Imber Court out in leafy East Molesey was once the Met Police's private playground. Now it's a sports and leisure centre open to the likes of you and I, and a regular monthly location for jazz gigs promoted by long-time fan Carole Merritt. She uses the centre's spacious dining room, bar downstairs, good sight lines, just right for a rousing couple of sets by this lively reeds pairing.

Amy Roberts and Richard Exall, multi-instrumentalists both, met while playing in the Big Chris Barber band and formed a partnership, musical and personal, touring the nation's clubs and festivals, their most recent CD a blend of hot numbers by Earl Bostic and Johnny Hodges. Not quite sweet and sour maybe, but certainly a contrast in tone and attack, thus fully borne out in their tune choices here. Still with Dave Newton on keyboard, bassist Dave Green and last-minute dep Mark Fletcher on drums, no challenge seemed too great, the entire quintet at one in despatching a truly eclectic range of numbers.

Roberts tends to the flute and rightly so, adding alto and clarinet as and when, while Exall projects best on tenor, this evident on their opener, a cheery version of 'Just Friends' with Roberts impassioned while the hyper-active Fletcher very nearly sank the ship even as Newton sailed blithely on, quirky and probing in turn. Clark Terry's 'A Pint Of Bitter', composed for his recording collaboration with Tubby Hayes, had a nice funky strut, Newton more fragmentary, Green propulsive in the best way, Fletcher throttling down, Exall's tenor like an airy amalgam of Eddie Miller and Ken Peplowski. He sang on 'Sweet Lorraine', fetchingly, and revved up on alto, Roberts likewise, as they sounded out on Bostic's '845 Stomp', raunchy and red-hot, followed by Hodges' 'Below the Azores', a feature for Roberts' very captivating flute. Then came Art Pepper's 'Popo', altos intertwined again, Fletcher's cross-rhythms abundant, as Newton dug in, Green panther-like alongside.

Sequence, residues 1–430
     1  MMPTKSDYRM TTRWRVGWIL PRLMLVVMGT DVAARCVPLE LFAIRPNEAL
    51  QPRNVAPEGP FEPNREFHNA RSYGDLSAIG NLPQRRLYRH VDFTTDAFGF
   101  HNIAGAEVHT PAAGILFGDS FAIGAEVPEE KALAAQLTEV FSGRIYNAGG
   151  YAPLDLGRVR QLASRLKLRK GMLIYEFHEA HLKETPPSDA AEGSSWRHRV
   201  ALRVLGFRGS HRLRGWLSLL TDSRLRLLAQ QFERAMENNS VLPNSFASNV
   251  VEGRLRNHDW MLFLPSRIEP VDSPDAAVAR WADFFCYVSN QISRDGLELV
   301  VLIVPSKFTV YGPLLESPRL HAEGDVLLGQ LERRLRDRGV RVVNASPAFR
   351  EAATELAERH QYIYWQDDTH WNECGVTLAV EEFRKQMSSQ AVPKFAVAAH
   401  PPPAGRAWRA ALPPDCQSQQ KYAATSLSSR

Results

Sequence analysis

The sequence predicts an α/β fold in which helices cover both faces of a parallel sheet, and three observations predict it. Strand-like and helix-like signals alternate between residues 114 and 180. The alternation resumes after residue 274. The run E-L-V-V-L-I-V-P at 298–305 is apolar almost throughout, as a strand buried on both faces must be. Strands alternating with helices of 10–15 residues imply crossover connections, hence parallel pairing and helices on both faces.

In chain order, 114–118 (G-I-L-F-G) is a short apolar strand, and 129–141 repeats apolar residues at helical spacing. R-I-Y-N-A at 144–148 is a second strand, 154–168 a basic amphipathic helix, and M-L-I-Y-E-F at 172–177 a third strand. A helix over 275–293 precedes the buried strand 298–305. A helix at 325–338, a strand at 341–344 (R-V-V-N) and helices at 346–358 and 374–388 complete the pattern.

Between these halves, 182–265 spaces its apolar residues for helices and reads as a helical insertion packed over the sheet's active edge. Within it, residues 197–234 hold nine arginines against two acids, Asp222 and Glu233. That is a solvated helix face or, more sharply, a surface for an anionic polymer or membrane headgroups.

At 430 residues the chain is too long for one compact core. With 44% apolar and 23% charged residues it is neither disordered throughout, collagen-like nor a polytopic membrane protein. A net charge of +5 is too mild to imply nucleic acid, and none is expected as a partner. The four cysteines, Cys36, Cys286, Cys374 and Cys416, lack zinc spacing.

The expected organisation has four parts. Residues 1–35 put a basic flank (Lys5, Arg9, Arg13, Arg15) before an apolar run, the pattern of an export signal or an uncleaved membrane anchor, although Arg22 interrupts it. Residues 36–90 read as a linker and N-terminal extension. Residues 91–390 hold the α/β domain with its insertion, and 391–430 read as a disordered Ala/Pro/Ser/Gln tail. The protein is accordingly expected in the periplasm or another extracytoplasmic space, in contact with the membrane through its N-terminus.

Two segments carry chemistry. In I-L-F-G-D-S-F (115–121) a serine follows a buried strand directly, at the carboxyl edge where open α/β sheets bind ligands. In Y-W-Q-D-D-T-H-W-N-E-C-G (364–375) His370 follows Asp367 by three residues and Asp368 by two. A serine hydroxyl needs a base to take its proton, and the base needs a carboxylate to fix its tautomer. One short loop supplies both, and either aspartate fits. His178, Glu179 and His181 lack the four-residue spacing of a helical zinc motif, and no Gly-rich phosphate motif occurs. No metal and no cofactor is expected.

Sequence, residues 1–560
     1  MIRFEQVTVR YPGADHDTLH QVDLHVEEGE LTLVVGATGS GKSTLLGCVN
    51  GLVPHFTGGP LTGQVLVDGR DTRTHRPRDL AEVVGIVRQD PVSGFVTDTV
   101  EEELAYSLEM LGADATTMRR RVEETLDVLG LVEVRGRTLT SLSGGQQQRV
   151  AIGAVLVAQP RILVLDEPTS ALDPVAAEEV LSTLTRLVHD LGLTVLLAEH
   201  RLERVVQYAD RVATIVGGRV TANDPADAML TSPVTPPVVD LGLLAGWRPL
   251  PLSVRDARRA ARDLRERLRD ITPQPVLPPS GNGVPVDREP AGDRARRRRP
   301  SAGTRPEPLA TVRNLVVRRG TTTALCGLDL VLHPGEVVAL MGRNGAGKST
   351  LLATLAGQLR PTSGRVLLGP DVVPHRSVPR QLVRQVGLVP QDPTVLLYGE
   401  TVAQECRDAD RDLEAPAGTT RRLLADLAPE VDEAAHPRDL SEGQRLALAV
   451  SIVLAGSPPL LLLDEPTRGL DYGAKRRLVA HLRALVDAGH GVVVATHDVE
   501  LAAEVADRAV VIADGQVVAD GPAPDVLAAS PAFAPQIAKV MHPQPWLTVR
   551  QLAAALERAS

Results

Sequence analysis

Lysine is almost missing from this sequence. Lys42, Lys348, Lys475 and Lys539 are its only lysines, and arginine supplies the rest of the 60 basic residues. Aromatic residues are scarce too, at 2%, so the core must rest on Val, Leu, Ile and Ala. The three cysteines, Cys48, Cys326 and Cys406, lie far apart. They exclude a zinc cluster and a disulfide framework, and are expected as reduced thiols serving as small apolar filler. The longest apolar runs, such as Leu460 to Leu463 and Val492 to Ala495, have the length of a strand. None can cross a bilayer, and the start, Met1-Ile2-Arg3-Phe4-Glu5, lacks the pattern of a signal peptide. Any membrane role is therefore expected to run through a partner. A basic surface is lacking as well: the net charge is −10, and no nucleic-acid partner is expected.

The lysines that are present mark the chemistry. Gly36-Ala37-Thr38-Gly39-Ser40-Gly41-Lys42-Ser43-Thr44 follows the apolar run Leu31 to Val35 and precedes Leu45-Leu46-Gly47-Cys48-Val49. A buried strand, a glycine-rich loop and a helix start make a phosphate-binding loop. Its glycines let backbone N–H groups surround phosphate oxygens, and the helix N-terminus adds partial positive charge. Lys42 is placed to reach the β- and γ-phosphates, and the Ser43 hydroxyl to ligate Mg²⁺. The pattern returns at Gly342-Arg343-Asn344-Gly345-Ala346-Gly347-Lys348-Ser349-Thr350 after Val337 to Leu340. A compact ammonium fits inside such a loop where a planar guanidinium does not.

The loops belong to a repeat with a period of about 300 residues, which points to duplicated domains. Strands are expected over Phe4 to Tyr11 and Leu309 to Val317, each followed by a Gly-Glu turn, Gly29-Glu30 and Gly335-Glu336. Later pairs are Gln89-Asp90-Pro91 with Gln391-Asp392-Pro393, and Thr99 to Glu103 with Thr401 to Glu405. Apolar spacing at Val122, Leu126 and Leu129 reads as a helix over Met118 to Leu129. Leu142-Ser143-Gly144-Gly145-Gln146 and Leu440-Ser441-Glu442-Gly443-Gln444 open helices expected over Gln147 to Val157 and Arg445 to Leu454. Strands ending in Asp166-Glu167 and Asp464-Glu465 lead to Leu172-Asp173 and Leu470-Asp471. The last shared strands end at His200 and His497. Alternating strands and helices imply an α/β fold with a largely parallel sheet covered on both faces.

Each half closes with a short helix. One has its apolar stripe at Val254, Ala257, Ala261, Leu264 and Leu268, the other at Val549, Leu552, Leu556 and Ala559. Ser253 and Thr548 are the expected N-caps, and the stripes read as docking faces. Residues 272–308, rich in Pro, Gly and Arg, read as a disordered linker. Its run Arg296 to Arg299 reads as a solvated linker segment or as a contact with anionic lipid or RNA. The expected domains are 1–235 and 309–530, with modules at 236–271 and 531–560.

In a second half that included a swing version of 'My Baby Just Cares For Me' with Exall vocalising, a piece by Gilbert O'Sullivan, a serene version of 'Robbins Nest' and Exall's Monk-like 'What's Going On', all bases were touched, all tastes satisfied. This pair knows how to pick top sidemen and, more to the point, how to build a programme packed with interest and classy creativity. Seek them out.